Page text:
There’s a part of Brené Brown’s The Gifts of Imperfection that discusses the idea of expectation. How if you tell yourself you have ZERO expectations for name-your-thing, that you’re not actually protecting yourself from disappointment or that you don’t care. Instead, you’re denying yourself the joy of the thing happening or the support if the thing doesn’t happen.
I’m paraphrasing, but I think about that idea a lot, particularly as I consider where I’m at with the Portland trial.
By 99% of accounts, I’m in. I signed the consent; they gathered a ton of medical history; and, from a medical standpoint, everything looks to be in order.
Enter health care insurance bureaucracy. I can’t get into the trial until I take particular tests (blood & CT; oh how I wish they were written exams). To take these tests, I need a referral. I was told a few weeks ago that I couldn’t get a referral until I got into the trial. Welcome to the “who’s gonna pay for what” catch-22.
Luckily for me, the PI personally knows my oncologist so she left him a voicemail on his cell phone requesting the referral ASAP. Unluckily for me, the referral did not come through while I was up there, so I’ll be headed back in a few weeks to do this last push of items to make sure we’re 100% good.
Some good news: I’m an ideal candidate. My disease activity, health and age are exactly what they are looking for. The trial was actually closed, but they opened up a spot specifically for me since I’m traveling from Southern California. The preliminary results of the study are being released in November and the outcomes so good, they thought they might have had the data wrong.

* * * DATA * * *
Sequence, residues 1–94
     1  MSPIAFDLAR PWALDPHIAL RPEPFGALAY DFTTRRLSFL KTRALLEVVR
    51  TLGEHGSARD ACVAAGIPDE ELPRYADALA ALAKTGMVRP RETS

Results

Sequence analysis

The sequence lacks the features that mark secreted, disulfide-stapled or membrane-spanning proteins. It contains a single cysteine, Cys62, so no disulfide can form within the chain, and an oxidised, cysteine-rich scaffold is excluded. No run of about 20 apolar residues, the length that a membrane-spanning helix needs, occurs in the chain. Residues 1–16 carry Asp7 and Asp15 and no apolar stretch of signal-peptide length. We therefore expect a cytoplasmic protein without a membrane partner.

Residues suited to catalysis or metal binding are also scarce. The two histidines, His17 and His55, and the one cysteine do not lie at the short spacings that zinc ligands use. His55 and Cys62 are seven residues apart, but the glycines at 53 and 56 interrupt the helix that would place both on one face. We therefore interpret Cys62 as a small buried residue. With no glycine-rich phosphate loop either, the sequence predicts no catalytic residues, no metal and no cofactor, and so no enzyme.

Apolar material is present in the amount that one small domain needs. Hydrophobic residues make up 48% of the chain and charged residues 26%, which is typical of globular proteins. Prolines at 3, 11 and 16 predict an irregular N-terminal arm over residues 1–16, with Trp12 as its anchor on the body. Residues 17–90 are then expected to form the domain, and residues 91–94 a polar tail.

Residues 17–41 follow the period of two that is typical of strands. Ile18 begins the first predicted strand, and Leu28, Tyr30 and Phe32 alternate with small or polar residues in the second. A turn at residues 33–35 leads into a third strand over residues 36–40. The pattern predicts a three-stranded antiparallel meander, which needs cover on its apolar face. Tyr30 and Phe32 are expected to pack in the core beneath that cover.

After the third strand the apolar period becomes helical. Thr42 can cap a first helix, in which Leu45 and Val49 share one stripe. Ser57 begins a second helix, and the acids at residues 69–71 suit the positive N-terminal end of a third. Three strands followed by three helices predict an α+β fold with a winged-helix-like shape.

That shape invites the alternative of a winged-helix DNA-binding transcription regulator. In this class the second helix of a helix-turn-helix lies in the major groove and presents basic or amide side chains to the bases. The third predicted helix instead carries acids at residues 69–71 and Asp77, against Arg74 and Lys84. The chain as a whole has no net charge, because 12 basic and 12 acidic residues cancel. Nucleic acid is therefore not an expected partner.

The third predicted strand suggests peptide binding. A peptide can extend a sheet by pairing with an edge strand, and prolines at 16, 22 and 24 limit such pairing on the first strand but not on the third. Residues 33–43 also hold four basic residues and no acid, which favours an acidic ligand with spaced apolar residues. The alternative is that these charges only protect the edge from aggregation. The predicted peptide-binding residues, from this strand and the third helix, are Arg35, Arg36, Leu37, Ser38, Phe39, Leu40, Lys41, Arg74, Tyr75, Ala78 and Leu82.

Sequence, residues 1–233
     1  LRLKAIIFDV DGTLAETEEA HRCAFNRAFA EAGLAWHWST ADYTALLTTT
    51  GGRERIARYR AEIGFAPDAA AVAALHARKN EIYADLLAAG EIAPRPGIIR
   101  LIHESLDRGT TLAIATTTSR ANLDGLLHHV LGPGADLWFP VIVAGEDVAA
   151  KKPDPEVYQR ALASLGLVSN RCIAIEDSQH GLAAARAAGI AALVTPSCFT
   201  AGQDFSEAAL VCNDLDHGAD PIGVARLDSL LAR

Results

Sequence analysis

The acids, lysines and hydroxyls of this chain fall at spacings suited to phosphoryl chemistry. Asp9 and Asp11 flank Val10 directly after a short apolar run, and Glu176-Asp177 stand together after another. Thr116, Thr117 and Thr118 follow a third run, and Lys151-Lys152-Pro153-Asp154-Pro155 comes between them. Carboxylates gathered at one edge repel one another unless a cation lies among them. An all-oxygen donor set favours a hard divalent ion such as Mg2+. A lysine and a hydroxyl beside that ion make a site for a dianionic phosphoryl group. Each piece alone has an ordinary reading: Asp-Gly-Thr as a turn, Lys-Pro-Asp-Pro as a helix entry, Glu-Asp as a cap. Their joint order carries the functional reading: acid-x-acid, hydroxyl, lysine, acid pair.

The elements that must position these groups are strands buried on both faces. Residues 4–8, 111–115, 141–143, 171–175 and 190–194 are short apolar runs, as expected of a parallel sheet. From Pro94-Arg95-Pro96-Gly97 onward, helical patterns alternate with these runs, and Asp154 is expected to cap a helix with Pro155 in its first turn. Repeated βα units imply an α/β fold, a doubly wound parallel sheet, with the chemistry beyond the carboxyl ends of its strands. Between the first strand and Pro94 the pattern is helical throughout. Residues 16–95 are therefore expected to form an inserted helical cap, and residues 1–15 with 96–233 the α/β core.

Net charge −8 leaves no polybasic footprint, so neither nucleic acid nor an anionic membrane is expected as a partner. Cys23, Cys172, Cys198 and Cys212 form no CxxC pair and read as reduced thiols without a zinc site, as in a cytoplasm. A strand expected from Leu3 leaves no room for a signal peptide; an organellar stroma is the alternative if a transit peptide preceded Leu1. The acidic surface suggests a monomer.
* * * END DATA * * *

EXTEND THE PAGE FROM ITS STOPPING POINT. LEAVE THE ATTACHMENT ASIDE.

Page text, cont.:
Which brings me back to expectations. The little pragmatist that has grown inside me these past nearly 4 years is convinced something will go wrong. The optimist (she’s bigger and stronger) is really, REALLY hopeful. She’s gunning for the possibility of it all. For getting into the trial with no further issues, for good outcomes, and really, for everything.
For me, it’s all about balancing these potential realities (and the many others that fall in between). Anything is possible. Something will go wrong (that’s just fucking life, man), but it will also be okay.
I hope you get to celebrate the joy that may come from this trial with me. And, I’m grateful that if it doesn’t go the way I hope, you will also lift me up and support me as we move on to the next option. (And there are MANY options. It’s a good time to be alive with cancer.)
More to come…XO